naev, or Nonlinear Automatic Equivalence Verification is a package manager feature set that utilizes functional equivalence
to enable and encourage the use of Nonlinear Versioning within code projects.
What is naev? (click to expand)
naev is an abstraction of a package manager feature set, which means it is a set of instructions that can be applied to all package managers. It is designed to enable security patches on old versions of code in a way such that users are assured the patches will not break their code, and thus they can update safely.
naev consists of three feature sets: nonlinear versioning, automatic version selection, and functional equivalence verification.
Nonlinear Versioning allows code to be published to older versions retroactively. This encourages security patches for older and more popular versions of code. While this is currently used by many organizations, there is no standardization, and actually publishing packages nonlinearly leads to many issues. Establishing a standard allows for package managers, version control systems etc. to adopt the features, lowering the barrier to entry.
Automatic Version Selection
Upon enabling naev, users can select if they wish to receive security patches for the version of a package they are on, or if they wish to receive the highest functionally equivalent version. Following a new package release, naev will run several functional equivalence tests and report back how confident it is that the new package is non-breaking. If it is past a user defined threshold, the package will automatically update.
Functional Equivalence Verification
Naev also comes with a feature set to enable functional equivalence verification. This includes both static analysis and comparative test analysis. Static analysis is completed by looking at the package's import and export statements (function and variable definition) and determining if any changes between versions will be detrimental to the capabilities of the code that was developed with that package. Comparative test analysis works by taking the old test versions, and injecting them into the new package version, the old test suite is then run on both the old and new versions, and the test results are compared for differences. If the result differences pass a certain threshold, the packages differ.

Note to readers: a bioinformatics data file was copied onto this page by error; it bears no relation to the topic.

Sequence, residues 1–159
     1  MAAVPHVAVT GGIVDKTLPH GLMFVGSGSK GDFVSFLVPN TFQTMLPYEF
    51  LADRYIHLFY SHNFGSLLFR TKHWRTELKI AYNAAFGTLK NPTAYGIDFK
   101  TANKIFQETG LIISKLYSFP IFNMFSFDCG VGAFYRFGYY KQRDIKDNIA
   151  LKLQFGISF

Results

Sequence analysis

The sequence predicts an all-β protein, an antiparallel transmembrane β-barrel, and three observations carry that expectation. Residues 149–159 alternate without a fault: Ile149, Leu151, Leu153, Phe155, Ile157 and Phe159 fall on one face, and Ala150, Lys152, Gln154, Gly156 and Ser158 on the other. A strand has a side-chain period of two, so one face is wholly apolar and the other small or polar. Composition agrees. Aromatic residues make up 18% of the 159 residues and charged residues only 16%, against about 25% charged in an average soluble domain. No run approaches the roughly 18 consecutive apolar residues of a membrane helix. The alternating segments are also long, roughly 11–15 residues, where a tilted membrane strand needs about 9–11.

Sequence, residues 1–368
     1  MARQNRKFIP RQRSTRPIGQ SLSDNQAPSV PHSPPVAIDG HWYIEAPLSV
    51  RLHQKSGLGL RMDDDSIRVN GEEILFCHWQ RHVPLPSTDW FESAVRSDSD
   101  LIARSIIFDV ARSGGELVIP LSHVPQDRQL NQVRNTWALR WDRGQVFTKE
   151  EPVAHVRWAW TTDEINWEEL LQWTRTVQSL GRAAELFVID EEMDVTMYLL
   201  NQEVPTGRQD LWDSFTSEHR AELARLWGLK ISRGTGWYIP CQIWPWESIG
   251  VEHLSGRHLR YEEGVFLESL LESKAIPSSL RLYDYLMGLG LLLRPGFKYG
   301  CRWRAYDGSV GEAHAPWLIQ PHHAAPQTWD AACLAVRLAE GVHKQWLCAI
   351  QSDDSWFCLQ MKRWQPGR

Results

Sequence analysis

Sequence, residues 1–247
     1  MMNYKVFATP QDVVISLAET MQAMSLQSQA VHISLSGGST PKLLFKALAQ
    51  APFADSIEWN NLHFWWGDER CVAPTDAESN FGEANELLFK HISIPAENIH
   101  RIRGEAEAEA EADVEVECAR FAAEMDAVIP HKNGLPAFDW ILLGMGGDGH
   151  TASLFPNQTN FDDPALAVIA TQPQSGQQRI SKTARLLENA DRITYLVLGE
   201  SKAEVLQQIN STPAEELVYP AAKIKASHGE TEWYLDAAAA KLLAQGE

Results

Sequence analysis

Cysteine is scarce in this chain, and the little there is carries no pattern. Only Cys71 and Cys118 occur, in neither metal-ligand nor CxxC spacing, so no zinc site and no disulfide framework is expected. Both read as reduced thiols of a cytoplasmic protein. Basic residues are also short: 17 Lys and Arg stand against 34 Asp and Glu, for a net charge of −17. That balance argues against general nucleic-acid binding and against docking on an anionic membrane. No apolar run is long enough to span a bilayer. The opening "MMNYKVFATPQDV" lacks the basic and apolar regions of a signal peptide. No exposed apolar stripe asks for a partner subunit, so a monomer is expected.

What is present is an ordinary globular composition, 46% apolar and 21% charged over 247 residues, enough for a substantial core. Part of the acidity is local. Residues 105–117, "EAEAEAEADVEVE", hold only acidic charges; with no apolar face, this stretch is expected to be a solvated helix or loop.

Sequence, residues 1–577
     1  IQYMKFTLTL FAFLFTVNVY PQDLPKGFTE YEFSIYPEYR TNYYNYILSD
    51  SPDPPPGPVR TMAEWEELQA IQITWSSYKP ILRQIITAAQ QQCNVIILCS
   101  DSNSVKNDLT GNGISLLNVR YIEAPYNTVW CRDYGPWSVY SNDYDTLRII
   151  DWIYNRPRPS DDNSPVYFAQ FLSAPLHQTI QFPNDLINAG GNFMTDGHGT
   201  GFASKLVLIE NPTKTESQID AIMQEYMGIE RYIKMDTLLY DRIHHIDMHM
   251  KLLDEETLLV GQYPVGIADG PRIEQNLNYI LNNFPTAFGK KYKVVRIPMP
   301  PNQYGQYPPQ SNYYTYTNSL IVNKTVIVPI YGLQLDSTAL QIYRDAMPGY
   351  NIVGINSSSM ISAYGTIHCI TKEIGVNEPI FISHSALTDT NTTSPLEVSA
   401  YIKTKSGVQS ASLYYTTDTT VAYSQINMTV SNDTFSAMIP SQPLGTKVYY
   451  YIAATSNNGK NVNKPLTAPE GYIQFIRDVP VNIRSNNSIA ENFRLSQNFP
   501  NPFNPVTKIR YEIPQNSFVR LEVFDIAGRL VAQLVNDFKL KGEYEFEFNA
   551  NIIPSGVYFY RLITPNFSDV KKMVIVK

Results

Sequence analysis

TLDR: naev checks to make sure Version 5 and Version 5.2 are compatible, so developers can update from 5.1 to 5.2 without worrying about breaking their projects.
Why does it matter?
Users often do not update their packages while developing their own. This creates something known as technical lag. Technical lag is the delay between the release of newer, more secure package versions and when users actually adopt those new patches. Technical lag can be inconsequential, but it can also have a cascading effect on an entire package manager ecosystem*. naev strives to reduce technical lag by encouraging developers to add functionally equivalent security patches, while encouraging users to enable automatic updating of packages, which would reduce technical lag by around 20%*
TLDR: Running outdated and insecure code is bad, naev helps people not do that.
View the naev repository on GitHub
View A Presentation on Naev
naev enables and encourages users to retroactively publish patch versions for old code. If versions 4.1 4.2 and 5.0 were released and a vulnerability was found in v4.2, naev easily allows the inserting of version 4.3 retroactively. This is valuable for software that sees significant use for outdated versions. With nonlinear versioning, code does not have to be split into multiple projects, the old versions can be maintained on a branch of the main repository. (Again, this is currently done but no standard exists)
naev analyzes the interfaces of the lower and higher versions of code.
Zach wrote this part so I will have him fill it in tomorrow.
Comparative Test Analysis
naev can compare every version of code with every other version of code and generate a compatibility graph / tree. An arrow from vX to vY dictates that users can update form vX to vY without any worry that the changes will break your project. Currently, this has been implement on top of node.js's package manager npm, utilizing jest as a testing framework.
Read the naev whitepaper
This part of the site is coming soon (the paper and abstract aren't finished yet).